Magic Palace owners sue Kahnawá:ke Council, Gaming Commission over closure

Commission shut down casino in April aid money-laundering allegations

The owners of Magic Palace Casino have filed lawsuits against the Mohawk Council of Kahnawá:ke and the Kahnawá:ke Gaming Commission after the venue was forcibly shut down earlier this spring.

In late March, the commission closed down Magic Palace indefinitely after the venue’s operational license was terminated after the council had terminated its agreement with the casino in the wake of allegations that it was being used for money laundering. The commission noted it had taken the decision based on “numerous concerns” arising from investigations conducted over the previous several months.

An electronic gaming device operator’s license is not valid without a contractual agreement between the operator and the council under the council’s regulations.

Last week, the casino’s owners Stanley Myiow and Barry Alfred filed legal action asking the Quebec Superior Court to legally restore the facility’s right to operate electronic gaming devices (EGDs) on the territory.

Myiow and Alfred allege that a regulatory loophole deprived them of the opportunity to preserve their rights after their license to operate EGDs was revoked. The lawsuit states that EGDs make up 95% of Magic Palace’s revenues.

Pierre L’Ecuyer, a lawyer representing the casino owners, told The Eastern Door’s Marcus Bankuti that the lawsuit is “an uphill battle” but he stressed that the council “needs to learn to follow the rules of law.”

What was alleged?

The council alleged that it was justified in terminating the operating agreement because the casino and the adjoining restaurant Mirela’s were being used for criminal activity.

An investigation conducted by independent U.S. consulting firm Spectrum Gaming Group found that “an undisclosed beneficial owner” of Magic Palace who is not a member of the Kahnawá:ke exercised “significant degrees of control over the establishment and received the majority of the benefits” in breach of the terms of the casino’s agreement with the council.

The council’s Gaming Portfolio Chief Cody Diabo said the council had “grave concerns” about the results of the investigation and the suspected activity.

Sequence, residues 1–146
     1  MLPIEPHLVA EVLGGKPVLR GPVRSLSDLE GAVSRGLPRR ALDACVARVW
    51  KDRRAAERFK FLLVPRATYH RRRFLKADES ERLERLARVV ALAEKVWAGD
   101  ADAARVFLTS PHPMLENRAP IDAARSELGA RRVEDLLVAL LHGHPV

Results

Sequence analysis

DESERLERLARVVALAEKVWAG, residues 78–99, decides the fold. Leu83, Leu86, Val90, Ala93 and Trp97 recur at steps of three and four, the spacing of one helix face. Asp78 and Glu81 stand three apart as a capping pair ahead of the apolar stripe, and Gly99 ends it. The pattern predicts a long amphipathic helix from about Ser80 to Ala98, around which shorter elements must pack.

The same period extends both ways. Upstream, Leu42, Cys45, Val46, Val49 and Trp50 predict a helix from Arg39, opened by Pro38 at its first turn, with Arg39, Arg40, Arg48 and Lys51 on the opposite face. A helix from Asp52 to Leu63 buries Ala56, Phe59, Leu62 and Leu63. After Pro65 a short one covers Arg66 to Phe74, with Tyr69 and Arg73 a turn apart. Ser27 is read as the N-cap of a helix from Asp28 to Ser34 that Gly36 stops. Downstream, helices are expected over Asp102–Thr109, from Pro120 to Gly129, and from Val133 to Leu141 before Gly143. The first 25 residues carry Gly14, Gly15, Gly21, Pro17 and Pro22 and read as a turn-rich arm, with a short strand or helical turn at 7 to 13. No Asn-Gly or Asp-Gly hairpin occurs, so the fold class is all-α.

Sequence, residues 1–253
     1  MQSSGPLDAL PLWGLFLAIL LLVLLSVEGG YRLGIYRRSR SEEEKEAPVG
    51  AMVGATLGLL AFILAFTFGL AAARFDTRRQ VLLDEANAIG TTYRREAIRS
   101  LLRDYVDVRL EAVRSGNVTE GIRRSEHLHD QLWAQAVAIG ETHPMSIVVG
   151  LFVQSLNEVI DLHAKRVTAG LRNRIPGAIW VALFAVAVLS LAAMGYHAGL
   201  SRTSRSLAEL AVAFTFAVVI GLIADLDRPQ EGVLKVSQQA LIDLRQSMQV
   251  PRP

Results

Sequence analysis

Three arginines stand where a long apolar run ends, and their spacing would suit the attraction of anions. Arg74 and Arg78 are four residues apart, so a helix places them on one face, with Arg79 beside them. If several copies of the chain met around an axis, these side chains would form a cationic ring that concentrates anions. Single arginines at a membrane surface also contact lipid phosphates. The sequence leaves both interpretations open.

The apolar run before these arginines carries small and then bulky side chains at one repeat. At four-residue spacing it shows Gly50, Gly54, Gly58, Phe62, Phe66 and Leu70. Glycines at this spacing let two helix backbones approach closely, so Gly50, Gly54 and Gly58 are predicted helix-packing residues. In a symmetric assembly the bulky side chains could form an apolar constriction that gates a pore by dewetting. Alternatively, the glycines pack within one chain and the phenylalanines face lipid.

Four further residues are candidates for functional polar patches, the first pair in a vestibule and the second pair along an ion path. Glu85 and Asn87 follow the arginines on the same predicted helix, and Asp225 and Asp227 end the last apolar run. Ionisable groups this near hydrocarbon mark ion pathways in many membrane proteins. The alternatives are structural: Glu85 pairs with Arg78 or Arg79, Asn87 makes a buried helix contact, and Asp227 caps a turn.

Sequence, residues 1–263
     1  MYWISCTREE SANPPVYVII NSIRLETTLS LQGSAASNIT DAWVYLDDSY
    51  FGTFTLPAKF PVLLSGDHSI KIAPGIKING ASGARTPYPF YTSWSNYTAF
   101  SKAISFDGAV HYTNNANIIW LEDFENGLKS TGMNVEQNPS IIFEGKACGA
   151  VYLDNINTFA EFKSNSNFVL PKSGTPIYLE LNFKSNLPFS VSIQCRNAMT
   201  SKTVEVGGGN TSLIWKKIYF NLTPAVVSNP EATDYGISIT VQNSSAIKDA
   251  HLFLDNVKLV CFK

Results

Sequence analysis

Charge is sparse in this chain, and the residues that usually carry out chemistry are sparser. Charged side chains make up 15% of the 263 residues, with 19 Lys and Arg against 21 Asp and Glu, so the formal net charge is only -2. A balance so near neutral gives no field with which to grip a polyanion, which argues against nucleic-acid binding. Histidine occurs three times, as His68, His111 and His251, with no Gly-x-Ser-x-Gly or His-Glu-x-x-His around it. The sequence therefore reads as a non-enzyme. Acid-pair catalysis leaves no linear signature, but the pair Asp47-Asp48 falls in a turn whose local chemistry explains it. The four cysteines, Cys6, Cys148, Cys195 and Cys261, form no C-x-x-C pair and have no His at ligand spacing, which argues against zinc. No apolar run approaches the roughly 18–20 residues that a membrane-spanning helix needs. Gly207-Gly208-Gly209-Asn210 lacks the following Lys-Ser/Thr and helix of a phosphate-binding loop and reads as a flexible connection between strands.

Back in October 2023, La Presse had reported that the RCMP suspected that an investor in Magic Palace, Luftar Hysa, might be using the casino for laundering Sinaloa Cartel money.

L’Ecuyer called that claim “bullshit” and stressed that nothing has been proven in court.

What do the new lawsuits argue?

Myiow and Alfred’s lawyers have filed two separate applications. One names the commission as the defendant with the council as a party and seeks a judicial review, while the other names the council as the defendant and seeks an injunction against the termination of the royalty agreement.

The owners allege that the commission had full knowledge of Hysa’s role as an investor as far back as 2016. The documentation stresses that Hysa is not an owner of the casino and cannot be such because he is not a member of the Kahnawá:ke.

Hysa has earned around $9 million from the casino’s operations, per the filings. The Spectrum report concluded that level of payment would be “highly irregular if he was not an owner of the facility.” The lawsuits counter-argue that that is a false premise.

The filings assert that last month, the commission rejected an appeal from Magic Palace on the question of EGDs due to the termination of the royalty agreement and the council refused to reinstate the agreement. It argues that both the council and the commission acted with prejudice and left Magic Palace’s owners high and dry.

“They’re feeling that their livelihood has been taken without any reason,” added L’Ecuyer. “The way they proceeded is against the principle of justice.”

L’Ecuyer clarified that the plaintiffs are asking for their permit to be reinstated rather than questioning the authority of the commission to oversee gaming.

Commission chairperson Frank Phillips said the body will contest the lawsuit.

“The KGC believes the process it followed in arriving at its decisions was thorough and fair, and consistent with the principles of the KGC’s applicable regulations and the Kahnawake Gaming Law,” Phillips told Bankuti. We are confident that any court will conclude the same.”

Canadian Gaming Business reached out to the KGC for comment but has yet to receive a response.

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